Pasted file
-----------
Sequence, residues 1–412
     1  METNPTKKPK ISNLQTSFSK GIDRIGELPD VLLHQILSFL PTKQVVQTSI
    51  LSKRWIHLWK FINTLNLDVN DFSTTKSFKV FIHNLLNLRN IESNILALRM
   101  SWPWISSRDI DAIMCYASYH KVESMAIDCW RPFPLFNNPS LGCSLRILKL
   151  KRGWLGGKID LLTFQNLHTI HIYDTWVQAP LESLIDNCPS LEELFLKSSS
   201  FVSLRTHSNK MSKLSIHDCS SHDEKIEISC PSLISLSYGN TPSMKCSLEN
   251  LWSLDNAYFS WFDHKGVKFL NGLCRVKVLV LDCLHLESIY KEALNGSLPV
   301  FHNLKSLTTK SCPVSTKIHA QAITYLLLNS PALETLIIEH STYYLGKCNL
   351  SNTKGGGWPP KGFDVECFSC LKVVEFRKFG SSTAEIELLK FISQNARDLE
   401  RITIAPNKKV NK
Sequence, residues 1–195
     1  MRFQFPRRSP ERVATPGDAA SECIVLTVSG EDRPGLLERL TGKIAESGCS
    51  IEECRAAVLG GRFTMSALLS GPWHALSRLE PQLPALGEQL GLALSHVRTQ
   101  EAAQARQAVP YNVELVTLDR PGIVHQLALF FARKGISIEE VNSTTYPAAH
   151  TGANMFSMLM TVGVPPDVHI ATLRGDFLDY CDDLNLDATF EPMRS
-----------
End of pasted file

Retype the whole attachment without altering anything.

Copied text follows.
Sequence, residues 1–412
     1  METNPTKKPK ISNLQTSFSK GIDRIGELPD VLLHQILSFL PTKQVVQTSI
    51  LSKRWIHLWK FINTLNLDVN DFSTTKSFKV FIHNLLNLRN IESNILALRM
   101  SWPWISSRDI DAIMCYASYH KVESMAIDCW RPFPLFNNPS LGCSLRILKL
   151  KRGWLGGKID LLTFQNLHTI HIYDTWVQAP LESLIDNCPS LEELFLKSSS
   201  FVSLRTHSNK MSKLSIHDCS SHDEKIEISC PSLISLSYGN TPSMKCSLEN
   251  LWSLDNAYFS WFDHKGVKFL NGLCRVKVLV LDCLHLESIY KEALNGSLPV
   301  FHNLKSLTTK SCPVSTKIHA QAITYLLLNS PALETLIIEH STYYLGKCNL
   351  SNTKGGGWPP KGFDVECFSC LKVVEFRKFG SSTAEIELLK FISQNARDLE
   401  RITIAPNKKV NK
Sequence, residues 1–195
     1  MRFQFPRRSP ERVATPGDAA SECIVLTVSG EDRPGLLERL TGKIAESGCS
    51  IEECRAAVLG GRFTMSALLS GPWHALSRLE PQLPALGEQL GLALSHVRTQ
   101  EAAQARQAVP YNVELVTLDR PGIVHQLALF FARKGISIEE VNSTTYPAAH
   151  TGANMFSMLM TVGVPPDVHI ATLRGDFLDY CDDLNLDATF EPMRS